Heirloom « Tag

Posted on 08 October 2011 by tomatocasual.com

How to Prevent Tomato Blight the Organic Way

By Mindy McIntosh-Shetter

I love heirloom tomatoes but with this love comes a price.

Many heirloom tomatoes are susceptible to many plant diseases.

These plants were bred for their fruit and not their resistance.

As time went on and science continued to develop, tomatoes were bred for such characteristics as disease resistance, large fruit, and storage ability.

The beauty and taste of the heirloom began to fall away. Today, many gardeners plant heirloom tomatoes not only for their taste but also as a way of keeping our gardening past alive.

Nowadays there is a resurgence of gardening the old way or what I like to call organically. This type of farming consists of Read the rest of this entry »

Posted on 16 September 2011 by tomatocasual.com

Sliced Heirloom Tomatoes with Balsamic-Beet Vinaigrette

By David Harbilas

Heirloom tomatoes are often so special and delicious that they need little more than a little salt, pepper, and olive oil.

While this dressing may sound complicated, it is in fact very simple.

A little goes a long way, as it is quite rich, so use it as sparingly as possible–or excessively, if you like.

Serves 2

Posted on 04 March 2011 by tomatocasual.com

What is Old is New Again in the World of Tomatoes

By Mindy McIntosh-Shetter

The old saying that everything old is new again is so true even today.

Second-hand stores and goodwill stores pop up everywhere along with vintage clothing and household stores.

This movement is not limited to clothing and furniture but can also be found in the garden.

Heirloom plants are coming to the for front more and more especially as one scans the seed catalogs and visits vegetable and/or herbal sales this year.

Heirloom tomato seeds or plants can add a touch of nostalgia Read the rest of this entry »

Posted on 10 November 2010 by tomatocasual.com

Tomato the Extrovert

tomato-dinnerBy David Harbilas

Food is fickle.

Some days it seems like the supermarket is carrying only the best, most perfect tomatoes and unblemished basil, and other days all that seems to be available are green, rock-hard tomatoes and basil with black tips and leaves that look like they haven’t seen water in over a week.

At no other time and in no other place is this evident than in a restaurant kitchen during service.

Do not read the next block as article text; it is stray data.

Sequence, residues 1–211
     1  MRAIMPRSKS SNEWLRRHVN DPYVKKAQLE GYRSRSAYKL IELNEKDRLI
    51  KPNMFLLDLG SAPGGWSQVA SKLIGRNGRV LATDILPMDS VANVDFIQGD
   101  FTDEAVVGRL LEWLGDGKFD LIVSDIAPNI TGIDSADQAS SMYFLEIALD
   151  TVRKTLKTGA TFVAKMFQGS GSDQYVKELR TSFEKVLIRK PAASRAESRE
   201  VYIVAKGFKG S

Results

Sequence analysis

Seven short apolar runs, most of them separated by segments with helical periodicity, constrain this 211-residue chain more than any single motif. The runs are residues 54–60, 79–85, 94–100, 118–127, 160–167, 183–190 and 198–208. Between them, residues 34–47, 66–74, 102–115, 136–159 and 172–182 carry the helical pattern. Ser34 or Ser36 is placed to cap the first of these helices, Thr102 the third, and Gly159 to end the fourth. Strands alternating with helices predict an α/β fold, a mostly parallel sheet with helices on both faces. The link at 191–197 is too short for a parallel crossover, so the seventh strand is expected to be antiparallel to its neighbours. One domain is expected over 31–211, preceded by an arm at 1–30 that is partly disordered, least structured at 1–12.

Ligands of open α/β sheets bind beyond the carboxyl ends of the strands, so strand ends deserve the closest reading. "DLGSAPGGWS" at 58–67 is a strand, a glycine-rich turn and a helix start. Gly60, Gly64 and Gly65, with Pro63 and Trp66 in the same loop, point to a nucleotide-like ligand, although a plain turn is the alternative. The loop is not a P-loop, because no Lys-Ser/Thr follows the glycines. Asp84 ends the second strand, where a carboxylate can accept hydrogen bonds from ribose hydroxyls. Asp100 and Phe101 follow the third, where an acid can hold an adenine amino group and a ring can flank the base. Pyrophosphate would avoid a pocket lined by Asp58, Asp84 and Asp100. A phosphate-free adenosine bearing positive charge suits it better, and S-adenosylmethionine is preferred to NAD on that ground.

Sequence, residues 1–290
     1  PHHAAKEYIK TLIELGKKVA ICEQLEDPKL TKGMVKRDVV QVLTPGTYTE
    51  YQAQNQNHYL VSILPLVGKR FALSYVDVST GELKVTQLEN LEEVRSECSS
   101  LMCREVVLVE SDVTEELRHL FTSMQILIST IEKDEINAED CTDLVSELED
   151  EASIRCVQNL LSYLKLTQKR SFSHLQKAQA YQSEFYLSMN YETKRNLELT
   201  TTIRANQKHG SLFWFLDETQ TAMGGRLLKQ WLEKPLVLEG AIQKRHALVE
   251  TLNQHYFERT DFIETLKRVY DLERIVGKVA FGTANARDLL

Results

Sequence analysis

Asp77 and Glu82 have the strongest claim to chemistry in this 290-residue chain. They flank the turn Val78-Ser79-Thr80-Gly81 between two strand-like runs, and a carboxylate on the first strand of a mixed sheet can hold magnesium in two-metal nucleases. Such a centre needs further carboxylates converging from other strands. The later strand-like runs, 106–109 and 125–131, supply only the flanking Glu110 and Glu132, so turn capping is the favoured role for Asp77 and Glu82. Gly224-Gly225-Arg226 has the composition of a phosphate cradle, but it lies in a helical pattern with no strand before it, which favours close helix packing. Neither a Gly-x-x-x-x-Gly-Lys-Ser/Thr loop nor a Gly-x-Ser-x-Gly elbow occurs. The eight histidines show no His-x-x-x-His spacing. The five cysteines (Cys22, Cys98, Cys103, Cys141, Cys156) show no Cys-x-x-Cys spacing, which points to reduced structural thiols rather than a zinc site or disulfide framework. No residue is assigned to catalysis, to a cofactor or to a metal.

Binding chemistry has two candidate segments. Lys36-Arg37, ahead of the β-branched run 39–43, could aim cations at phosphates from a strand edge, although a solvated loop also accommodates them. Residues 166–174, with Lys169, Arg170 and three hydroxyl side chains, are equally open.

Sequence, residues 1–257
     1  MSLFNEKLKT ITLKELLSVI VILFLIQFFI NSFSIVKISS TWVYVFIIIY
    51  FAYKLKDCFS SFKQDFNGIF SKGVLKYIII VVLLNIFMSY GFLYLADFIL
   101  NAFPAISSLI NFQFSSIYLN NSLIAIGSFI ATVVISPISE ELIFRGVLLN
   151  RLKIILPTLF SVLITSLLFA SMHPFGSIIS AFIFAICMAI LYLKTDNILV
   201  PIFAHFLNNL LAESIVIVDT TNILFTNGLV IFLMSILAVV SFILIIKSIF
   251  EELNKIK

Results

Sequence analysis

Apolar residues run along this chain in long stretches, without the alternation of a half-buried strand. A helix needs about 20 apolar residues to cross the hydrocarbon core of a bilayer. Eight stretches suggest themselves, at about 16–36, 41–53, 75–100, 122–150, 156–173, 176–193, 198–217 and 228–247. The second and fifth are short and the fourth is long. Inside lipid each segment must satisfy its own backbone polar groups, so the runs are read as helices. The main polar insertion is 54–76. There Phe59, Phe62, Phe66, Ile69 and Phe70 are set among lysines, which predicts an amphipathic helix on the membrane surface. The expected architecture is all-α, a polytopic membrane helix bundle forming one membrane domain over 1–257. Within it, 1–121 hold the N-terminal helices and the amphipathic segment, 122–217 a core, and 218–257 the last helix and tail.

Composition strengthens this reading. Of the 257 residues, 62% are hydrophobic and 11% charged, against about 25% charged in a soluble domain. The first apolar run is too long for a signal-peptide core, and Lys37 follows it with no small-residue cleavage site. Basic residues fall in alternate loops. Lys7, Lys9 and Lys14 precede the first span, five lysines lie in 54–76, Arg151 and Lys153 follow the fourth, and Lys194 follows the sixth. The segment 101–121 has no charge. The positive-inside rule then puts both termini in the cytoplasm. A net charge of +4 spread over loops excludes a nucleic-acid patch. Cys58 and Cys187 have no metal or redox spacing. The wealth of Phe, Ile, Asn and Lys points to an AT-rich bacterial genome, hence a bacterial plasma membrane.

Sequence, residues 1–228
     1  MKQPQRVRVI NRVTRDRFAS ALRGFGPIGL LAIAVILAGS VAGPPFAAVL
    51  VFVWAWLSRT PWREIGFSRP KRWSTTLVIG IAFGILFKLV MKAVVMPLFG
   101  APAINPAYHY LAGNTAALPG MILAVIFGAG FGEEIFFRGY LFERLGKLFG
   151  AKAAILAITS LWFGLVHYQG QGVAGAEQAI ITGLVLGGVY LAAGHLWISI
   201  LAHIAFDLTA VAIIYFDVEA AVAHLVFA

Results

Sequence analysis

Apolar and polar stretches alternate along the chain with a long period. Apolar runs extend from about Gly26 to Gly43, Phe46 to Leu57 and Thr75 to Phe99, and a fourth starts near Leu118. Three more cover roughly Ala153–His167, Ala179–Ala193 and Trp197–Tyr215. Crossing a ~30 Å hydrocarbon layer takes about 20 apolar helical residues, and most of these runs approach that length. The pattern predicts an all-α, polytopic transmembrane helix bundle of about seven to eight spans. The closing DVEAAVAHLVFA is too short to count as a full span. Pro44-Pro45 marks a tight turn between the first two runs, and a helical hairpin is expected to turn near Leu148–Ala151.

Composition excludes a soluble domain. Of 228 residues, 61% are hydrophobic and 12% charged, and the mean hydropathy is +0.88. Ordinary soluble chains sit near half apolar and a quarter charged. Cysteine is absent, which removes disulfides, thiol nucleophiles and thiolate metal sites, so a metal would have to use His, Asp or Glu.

Two weeks ago I participated in a local farm-to-table dinner at Aka Bistro, where I work as the restaurant’s sous chef. Our chefs, Chris Chung and Christophe Santos, and pastry chef Jillian Rosenberg wrote a simple, four-course menu, the first of which featured last of the season heirloom tomatoes. Part of the challenge Read the rest of this entry »

Posted on 03 May 2009 by tomatocasual.com

Scientific American Magazine Claims Heirloom Tomatoes are Feeble and Inbred

tomato3By Vanessa Richins

I was puzzled by an article I came across from Scientific American called, “How to Grow a Better Tomato: The Case against Heirloom Tomatoes”.

The article asserts that because of breeding over time, “Heirlooms are the tomato equivalent of the pug–that “purebred” dog with the convoluted nose that snorts and hacks when it tries to catch a breath,” and calls them “feeble and inbred.”

It claims that over time, humans have bred out disease resistance in the quest for bigger and better tasting heirloom tomatoes. They also assert that the flavor comes because heirlooms sometimes only produce 2 tomatoes, which naturally means that those two will have more flavor and size than a hybrid producing many fruits.

While there may be Read the rest of this entry »

Posted on 01 April 2009 by tomatocasual.com

Learning Tomato Terminology

white-tomatoBy Vanessa Richins

When you see tomatoes in the store, they are usually red and round.

When you really start to explore the world of all things tomato, however, you will come to realize it’s a complex subject.

For example, did you know that tomatoes can be:

-Red Read the rest of this entry »


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